Cascading risks disrupting food supply chains: transformative adaptation is the way forward

Author

Sanjay Srivastava

Madhurima Sarkar-Swaisgood

Sapna Dubey

Maria BK Dewi

Soomi Hong

Source(s)
United Nations Economic and Social Commission for Asia and the Pacific
Food market
Katerina_Lu/Shutterstock

In 2022, the early onset of heatwaves in South Asia was a unique example of compounding and cascading risks in this interconnected world. Heatwaves that struck India early this year coincided with the critical milking/grain filling stage of wheat crop in mid-March. Consequently, India’s wheat yields were down by 10 per cent to 15 per cent, with the forecasted 2022-23 production dropping from 110 to 99 million tonnes. Food security risks and the sudden spike in global wheat prices due to a shortage in supplies led the Indian government to ban wheat exports to a large extent, with some exceptions to neighboring countries and to support countries to supplement their domestic food security policies. Furthermore, the conflict between Russia and Ukraine has also disrupted wheat exports from the Black Sea region.

The UN Intergovernmental Panel on Climate Change (IPCC) Report (2021/2022) highlights that multiple and interacting climatic and non-climatic risks are compounding and cascading across sectors and regions. Weather and climate extremes are also causing transboundary economic and social impacts due to interconnected supply chains, markets and natural resource flows.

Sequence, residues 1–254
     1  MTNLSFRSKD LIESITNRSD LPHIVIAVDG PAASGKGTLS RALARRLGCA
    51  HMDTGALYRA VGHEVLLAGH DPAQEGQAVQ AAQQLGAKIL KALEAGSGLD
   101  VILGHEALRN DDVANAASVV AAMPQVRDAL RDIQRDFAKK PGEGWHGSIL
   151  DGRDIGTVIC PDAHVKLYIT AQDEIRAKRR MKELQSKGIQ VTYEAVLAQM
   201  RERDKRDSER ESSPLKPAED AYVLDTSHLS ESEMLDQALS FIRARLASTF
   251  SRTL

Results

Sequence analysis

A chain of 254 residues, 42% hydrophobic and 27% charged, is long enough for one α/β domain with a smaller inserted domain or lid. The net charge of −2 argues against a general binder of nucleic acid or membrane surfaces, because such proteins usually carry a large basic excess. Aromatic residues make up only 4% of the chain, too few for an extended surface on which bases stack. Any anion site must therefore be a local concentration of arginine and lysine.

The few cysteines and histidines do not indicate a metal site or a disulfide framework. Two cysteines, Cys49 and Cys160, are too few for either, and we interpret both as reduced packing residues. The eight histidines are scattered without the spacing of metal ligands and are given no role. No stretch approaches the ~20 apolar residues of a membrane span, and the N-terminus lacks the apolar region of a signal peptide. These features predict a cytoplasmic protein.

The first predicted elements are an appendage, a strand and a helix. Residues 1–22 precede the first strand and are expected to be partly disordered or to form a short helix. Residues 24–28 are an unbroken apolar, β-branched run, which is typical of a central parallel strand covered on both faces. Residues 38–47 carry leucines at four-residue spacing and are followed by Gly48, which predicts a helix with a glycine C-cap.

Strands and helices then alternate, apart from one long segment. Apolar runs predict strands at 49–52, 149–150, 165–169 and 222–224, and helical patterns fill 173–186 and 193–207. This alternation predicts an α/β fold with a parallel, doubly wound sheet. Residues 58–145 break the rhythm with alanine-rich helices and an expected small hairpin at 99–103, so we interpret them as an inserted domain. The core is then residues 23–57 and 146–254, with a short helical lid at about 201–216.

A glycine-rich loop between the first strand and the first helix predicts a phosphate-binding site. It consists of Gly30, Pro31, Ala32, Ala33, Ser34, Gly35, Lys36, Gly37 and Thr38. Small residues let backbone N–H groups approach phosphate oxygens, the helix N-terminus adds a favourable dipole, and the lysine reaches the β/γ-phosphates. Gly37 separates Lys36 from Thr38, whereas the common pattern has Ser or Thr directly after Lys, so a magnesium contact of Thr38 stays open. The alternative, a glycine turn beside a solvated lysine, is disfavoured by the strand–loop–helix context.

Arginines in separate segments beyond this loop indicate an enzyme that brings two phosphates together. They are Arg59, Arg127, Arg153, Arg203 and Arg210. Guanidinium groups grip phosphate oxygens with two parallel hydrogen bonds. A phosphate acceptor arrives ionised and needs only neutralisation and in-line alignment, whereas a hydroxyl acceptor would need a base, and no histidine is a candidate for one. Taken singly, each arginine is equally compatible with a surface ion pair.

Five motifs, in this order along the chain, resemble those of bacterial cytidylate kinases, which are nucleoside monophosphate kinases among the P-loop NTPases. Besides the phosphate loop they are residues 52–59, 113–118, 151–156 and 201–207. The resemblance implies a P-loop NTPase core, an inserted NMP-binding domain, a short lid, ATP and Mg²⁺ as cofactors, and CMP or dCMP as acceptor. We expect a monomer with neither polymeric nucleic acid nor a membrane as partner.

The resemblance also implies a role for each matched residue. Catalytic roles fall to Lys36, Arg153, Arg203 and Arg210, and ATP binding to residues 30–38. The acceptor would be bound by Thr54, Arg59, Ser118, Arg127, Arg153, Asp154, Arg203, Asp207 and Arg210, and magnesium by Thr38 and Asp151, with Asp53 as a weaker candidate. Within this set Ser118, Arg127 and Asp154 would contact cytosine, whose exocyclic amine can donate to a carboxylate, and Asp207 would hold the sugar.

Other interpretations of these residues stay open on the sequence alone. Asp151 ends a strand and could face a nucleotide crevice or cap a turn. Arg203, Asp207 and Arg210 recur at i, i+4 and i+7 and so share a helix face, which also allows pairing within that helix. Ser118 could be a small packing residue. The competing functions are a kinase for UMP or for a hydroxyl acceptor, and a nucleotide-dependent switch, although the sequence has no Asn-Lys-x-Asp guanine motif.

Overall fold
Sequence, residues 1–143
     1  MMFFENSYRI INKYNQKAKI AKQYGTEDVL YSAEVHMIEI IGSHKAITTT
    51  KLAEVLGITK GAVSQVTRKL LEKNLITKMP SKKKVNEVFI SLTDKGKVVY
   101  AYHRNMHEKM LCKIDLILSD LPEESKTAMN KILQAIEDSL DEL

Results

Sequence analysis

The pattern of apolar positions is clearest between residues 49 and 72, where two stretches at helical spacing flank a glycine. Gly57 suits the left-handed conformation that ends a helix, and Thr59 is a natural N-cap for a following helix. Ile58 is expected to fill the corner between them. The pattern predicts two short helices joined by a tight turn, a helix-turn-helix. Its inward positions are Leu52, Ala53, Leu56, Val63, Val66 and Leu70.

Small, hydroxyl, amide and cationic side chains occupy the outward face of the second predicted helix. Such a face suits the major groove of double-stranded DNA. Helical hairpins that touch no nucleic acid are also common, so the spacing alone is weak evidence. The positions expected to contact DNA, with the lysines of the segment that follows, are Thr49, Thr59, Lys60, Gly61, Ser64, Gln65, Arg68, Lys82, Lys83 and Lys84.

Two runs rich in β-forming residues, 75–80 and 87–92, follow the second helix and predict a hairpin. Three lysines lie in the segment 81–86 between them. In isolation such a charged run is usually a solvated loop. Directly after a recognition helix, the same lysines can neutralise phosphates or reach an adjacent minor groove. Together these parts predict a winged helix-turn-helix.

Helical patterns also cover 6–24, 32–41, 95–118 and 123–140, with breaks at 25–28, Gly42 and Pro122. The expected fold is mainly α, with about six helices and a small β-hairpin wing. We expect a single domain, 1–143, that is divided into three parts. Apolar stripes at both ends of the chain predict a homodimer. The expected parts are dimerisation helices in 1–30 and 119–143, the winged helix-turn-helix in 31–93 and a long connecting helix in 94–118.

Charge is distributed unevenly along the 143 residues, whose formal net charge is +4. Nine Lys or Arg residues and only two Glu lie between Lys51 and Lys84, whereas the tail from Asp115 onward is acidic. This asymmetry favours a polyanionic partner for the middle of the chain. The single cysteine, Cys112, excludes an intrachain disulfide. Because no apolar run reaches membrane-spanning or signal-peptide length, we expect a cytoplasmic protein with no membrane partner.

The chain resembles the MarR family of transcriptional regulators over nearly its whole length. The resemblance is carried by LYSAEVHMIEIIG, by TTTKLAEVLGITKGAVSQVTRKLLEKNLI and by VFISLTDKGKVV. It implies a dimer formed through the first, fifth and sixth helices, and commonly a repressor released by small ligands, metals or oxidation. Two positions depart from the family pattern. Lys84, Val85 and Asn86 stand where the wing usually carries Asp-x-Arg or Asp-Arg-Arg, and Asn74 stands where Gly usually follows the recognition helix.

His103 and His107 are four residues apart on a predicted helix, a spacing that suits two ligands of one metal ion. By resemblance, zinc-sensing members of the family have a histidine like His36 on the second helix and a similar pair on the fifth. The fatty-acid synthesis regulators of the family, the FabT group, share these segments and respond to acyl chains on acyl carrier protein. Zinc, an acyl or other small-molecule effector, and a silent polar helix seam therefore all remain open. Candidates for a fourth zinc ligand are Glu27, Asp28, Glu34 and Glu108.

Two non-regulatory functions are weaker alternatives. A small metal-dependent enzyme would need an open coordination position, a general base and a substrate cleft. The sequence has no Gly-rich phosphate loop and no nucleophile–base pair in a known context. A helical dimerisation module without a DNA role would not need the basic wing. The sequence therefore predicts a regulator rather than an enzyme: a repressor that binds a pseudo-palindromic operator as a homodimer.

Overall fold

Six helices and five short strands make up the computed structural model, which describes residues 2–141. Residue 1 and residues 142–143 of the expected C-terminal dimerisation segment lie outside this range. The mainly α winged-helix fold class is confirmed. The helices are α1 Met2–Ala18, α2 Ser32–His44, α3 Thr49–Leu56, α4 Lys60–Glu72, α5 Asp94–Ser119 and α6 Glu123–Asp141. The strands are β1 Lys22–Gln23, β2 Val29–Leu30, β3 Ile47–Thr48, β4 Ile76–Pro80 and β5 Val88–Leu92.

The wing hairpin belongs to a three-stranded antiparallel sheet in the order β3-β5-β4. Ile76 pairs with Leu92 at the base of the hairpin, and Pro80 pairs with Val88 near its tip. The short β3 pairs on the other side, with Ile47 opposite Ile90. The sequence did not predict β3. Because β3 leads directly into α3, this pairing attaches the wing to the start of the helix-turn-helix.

Adaptation gaps

Adaptation planning and implementation is picking up pace worldwide. However, these measures are predominantly targeted towards near term risks, focused on planning rather than implementation, small in scale, fragmented and sector specific. The recent Adaptation Gap Report 2021 published by UNEP highlights that substantial gaps exist between current adaptation investments and those needed to effectively respond to climate risks and impacts. Estimated adaptation costs in developing countries are five to ten times greater than current international public adaptation finance flows. This adaptation finance gap is widening. A review of updated Nationally Determined Contributions (NDCs) and National Adaptation Plans (NAPs) reveal that the four key sectors namely agriculture, infrastructure, water and disaster risk management make up three-quarters of the quantified adaptation finance needs.

Adaptation limits

Indeed, the effectiveness of adaptation measures are also set to be impacted due to the rapid increase in temperatures. Presently, within the soft limits, integrated, risk informed, and multi-sectoral adaptation solutions provide wide-ranging benefits. However, with increasing temperature many natural adaptation systems are nearing the hard limits of their natural adaptation capacity and more will reach this limit with the increasing global warming. Above 1.5°C global warming, some ecosystem-based adaptation measures will reach their hard limits thereby losing their effectiveness in providing benefits to people.

Transformative adaptation